Keeping weeds down in a wet year

Add weed control to the list of elements of growing your 2011 crop that is being complicated as cool, wet weather continues to delay planting in the bulk of the Corn Belt.

If you’re too far delayed in your planting and were originally planning on using a quick tillage trip to knock down early-emerging weeds, you may not be able to pull that off this spring. “Preplant tillage operations can effectively control existing vegetation while preparing a seedbed,” says University of Illinois Extension weed specialist Aaron Hager. “However, as weeds become larger, the effectiveness of tillage to control weeds before planting can be reduced.”

Even if you are able to squeeze in a round of tillage as things start to dry out, it may lose some efficacy, Hager says. “Reduced weed control may also occur when fields are slightly wet during the preplant tillage operation,” he says. “Soil disturbance may not be as extensive when soils are retaining moisture, and clods are more likely to be formed. Weeds sometimes take root again after tillage when soil disturbance is inadequate and soil moisture is abundant.”

So, what’s the answer? If tillage is already done, you don’t have enough time before you plant, or you were already thinking of a burndown application anyway, Hager says you can control winter annual weeds with a little stronger rate of burndown herbicide to “account for the large and dense vegetation.”

“Glyphosate application rates (alone or tankmixed with other herbicides) should be in the 1–1.5 lb ae/A range to control the large vegetation,” according to a University of Illinois report. “Include AMS at 8.5–17 lb/100 gallons of spray solution and apply in sufficient carrier to ensure good coverage of the dense vegetation. It is advisable to add the full recommended rate of AMS under these challenging conditions.”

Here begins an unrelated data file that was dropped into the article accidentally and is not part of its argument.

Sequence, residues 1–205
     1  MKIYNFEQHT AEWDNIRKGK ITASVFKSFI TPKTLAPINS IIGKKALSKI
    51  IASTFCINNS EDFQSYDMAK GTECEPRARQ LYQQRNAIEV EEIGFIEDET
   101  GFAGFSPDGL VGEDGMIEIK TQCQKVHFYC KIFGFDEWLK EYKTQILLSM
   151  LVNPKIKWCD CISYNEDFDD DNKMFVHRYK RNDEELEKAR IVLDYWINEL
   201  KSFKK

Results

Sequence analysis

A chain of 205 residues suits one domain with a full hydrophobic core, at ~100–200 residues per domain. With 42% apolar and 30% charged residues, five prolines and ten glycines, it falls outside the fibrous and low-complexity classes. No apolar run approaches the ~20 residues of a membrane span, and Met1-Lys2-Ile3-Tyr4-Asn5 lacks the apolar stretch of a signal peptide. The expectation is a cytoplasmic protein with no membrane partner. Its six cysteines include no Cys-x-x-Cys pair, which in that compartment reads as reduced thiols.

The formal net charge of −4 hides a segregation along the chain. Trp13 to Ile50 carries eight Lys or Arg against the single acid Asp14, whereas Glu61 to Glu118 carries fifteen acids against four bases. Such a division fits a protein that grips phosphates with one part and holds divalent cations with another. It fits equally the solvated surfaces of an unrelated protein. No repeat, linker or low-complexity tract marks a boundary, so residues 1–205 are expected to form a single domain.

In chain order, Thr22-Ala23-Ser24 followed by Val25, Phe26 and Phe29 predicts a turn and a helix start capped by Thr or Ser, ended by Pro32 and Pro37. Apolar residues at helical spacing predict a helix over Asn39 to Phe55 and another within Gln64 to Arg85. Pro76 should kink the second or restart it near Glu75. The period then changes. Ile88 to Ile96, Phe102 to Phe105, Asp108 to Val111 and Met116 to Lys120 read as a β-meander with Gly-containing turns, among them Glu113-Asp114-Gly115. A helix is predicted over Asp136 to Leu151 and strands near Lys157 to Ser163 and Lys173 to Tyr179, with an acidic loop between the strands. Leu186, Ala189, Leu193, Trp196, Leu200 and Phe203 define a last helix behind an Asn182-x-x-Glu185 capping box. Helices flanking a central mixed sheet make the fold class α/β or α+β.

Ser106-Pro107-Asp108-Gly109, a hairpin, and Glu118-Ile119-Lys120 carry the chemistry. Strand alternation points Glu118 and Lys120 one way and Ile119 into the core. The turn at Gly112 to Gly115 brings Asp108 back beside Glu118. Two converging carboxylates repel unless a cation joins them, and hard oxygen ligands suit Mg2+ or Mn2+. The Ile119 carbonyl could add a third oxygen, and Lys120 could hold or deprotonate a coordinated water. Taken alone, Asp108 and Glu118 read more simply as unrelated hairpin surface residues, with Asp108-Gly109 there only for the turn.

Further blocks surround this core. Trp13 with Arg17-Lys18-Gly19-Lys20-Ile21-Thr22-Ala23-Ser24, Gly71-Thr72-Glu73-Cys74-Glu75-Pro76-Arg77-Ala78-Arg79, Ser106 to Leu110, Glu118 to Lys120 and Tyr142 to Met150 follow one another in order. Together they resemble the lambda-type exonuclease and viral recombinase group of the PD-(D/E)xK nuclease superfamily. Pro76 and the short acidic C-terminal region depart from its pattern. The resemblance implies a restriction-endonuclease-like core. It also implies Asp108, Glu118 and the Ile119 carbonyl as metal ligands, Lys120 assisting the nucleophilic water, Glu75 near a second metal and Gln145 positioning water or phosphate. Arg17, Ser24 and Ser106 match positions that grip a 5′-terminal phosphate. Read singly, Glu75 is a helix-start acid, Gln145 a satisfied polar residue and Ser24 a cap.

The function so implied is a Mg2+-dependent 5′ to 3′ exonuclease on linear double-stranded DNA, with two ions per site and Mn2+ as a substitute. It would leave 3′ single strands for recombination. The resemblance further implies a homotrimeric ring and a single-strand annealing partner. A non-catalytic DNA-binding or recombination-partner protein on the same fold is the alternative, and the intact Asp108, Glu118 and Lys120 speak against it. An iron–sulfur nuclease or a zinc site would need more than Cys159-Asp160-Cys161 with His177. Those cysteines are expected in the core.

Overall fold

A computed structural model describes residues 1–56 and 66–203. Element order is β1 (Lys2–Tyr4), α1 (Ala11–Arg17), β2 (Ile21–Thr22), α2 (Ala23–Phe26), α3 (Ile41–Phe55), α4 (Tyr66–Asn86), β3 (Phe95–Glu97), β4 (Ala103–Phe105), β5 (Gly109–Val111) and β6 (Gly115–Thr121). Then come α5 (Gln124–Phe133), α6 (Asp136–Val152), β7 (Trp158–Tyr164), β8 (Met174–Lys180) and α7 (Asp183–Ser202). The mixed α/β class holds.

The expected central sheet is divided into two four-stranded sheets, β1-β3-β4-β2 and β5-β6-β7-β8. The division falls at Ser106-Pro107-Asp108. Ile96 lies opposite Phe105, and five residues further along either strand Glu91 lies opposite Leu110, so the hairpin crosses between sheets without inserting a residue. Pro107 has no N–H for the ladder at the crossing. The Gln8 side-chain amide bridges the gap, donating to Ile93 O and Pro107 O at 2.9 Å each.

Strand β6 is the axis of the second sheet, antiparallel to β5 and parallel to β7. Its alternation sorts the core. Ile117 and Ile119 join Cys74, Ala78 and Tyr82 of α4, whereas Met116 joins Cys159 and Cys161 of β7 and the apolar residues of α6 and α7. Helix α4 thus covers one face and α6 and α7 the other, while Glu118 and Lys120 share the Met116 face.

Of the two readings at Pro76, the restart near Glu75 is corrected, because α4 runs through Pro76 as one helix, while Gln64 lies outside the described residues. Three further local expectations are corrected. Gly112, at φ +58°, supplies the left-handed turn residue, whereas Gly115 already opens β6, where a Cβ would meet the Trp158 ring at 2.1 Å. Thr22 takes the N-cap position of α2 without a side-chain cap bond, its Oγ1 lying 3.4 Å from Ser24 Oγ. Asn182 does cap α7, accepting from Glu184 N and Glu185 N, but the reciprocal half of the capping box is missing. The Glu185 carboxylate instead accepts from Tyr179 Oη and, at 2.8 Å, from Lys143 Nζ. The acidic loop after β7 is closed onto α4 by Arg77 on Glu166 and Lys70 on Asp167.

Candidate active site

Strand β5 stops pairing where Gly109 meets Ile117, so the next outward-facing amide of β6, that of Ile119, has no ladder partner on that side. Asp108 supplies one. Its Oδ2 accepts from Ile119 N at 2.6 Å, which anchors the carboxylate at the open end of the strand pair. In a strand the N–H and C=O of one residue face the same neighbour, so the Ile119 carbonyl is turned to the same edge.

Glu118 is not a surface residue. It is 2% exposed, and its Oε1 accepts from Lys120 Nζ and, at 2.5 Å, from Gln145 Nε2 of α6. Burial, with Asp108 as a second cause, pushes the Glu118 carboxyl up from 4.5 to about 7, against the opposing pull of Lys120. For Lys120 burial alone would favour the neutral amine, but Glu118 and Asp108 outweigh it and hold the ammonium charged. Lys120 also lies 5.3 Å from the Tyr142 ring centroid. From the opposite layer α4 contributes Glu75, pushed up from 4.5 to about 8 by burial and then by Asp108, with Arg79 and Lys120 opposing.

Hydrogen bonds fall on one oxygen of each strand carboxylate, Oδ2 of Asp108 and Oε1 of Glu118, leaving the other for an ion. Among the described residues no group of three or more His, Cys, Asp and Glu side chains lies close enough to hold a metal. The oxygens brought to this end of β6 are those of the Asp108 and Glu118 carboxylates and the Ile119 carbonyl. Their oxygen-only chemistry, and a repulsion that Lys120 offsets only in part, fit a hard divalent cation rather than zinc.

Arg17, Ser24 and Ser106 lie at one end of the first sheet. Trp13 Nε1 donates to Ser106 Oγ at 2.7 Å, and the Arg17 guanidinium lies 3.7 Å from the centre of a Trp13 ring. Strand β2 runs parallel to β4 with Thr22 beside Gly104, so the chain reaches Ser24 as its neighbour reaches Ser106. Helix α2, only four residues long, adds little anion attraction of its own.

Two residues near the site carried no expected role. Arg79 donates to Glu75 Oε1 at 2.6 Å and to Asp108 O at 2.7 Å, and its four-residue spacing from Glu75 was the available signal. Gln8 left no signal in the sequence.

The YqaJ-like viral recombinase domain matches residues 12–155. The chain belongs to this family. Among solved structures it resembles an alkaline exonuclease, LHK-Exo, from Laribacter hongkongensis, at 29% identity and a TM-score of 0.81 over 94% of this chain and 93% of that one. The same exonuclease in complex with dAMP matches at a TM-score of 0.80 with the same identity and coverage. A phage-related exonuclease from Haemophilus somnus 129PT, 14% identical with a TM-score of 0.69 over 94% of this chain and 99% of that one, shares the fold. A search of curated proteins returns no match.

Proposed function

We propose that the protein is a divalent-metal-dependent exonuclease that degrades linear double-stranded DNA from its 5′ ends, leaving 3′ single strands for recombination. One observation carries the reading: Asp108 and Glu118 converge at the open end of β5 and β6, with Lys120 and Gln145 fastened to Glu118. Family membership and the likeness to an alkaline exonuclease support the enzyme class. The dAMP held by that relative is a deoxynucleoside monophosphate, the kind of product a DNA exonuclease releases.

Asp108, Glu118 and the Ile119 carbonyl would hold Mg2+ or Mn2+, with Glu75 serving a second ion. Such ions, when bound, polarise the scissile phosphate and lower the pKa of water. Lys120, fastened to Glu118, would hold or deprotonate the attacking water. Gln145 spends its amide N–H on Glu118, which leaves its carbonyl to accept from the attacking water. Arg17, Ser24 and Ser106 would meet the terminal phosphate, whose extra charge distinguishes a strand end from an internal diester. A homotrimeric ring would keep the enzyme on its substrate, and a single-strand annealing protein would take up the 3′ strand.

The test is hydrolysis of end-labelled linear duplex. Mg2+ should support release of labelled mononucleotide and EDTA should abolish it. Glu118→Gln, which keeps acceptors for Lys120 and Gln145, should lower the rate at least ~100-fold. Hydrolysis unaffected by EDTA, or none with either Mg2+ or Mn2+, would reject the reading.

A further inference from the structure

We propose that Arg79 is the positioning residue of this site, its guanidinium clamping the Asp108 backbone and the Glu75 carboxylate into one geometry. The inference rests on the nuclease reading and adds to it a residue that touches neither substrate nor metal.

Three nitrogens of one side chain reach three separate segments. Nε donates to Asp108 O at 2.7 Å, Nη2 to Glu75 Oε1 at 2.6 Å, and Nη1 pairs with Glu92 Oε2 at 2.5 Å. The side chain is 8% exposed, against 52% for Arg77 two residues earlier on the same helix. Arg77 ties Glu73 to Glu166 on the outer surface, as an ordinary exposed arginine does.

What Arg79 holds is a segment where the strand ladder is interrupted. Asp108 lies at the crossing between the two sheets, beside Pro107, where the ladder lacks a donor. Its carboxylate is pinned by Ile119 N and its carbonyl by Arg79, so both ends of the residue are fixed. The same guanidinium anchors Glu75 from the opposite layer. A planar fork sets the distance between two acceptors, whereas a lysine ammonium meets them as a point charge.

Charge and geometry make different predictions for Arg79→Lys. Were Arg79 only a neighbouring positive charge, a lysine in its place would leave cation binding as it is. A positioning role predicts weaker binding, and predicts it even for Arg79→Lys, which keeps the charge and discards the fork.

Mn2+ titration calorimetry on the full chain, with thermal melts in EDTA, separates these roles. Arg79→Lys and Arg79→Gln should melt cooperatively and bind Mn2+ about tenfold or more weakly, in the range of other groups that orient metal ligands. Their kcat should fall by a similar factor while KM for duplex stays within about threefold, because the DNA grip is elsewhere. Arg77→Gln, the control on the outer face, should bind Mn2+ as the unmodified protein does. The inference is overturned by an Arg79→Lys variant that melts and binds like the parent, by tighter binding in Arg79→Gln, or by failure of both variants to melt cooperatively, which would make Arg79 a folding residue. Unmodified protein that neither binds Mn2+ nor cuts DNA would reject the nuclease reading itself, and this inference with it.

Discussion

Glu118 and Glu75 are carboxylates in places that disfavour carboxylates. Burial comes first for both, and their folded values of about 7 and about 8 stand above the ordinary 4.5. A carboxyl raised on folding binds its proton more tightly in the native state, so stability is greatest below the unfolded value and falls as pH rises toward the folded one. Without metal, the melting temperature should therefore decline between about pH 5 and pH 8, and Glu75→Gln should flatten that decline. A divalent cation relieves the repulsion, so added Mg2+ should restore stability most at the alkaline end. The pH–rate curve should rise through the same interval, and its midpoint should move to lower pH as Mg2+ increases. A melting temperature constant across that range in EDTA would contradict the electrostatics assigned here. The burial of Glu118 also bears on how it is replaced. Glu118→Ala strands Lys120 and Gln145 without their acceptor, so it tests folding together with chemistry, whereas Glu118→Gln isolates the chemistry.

2,4-D is frequently used in burndown tankmixes prior to corn or soybean planting. Both the amine and ester formulations are labeled for applications prior to planting, but the ester formulation is usually preferred over the amine formulation, according to the university report.

“The low water solubility of an ester reduces the potential for it to be moved into the soil by precipitation, where it could cause severe injury to seedlings,” Hager says. “Also, the ability of esters to better penetrate the waxy leaf surfaces of weeds often results in better control of large weeds and better overall weed control during periods of cool air temperatures.”

The labels of many 2,4-D ester formulations (3.8 lb acid equivalent per gallon) allow applications of 1–2 pints per acre 7 to14 days prior to planting corn. In addition to waiting intervals, labels sometimes indicate that tillage operations should not be performed for at least 7 days after application, and that the seed furrow must be completely closed during the planting operation or severe crop injury may result, he said.

“Factors that increase the likelihood of the growth regulator herbicide coming in direct contact with the crop seed increase the probability of severe crop injury,” Hager says. “If you intend to plant before the labeled interval will elapse, leave out the growth regulator from the burndown application and replace it with another herbicide and/or increase the rate of the non-selective herbicide, if possible.”

Hager warns producers to be cautious about which herbicide alternative they include with glyphosate. Contact herbicides can sometimes antagonize glyphosate, especially on large weeds. Alternatively, improved performance of nonselective contact herbicides used for burndown, such as paraquat or glufosinate, can be realized when other contact herbicides, such as metribuzin or atrazine, are tankmixed with them.

Glyphosate-resistant populations of horseweed (marestail) and waterhemp occur across many areas of Illinois and can be present prior to corn or soybean planting. Failure to adequately control these glyphosate-resistant populations before planting could lead to significant challenges after the crop has emerged, especially in soybean where very few alternative postemergence herbicide options exist, he said.

“Tankmix partners with glyphosate or alternative herbicides will be needed to control glyphosate-resistant weeds prior to crop planting,” Hager says. “More tankmix partners or alternative herbicide options are possible before planting than after planting.”

Crops News, Agriculture News |

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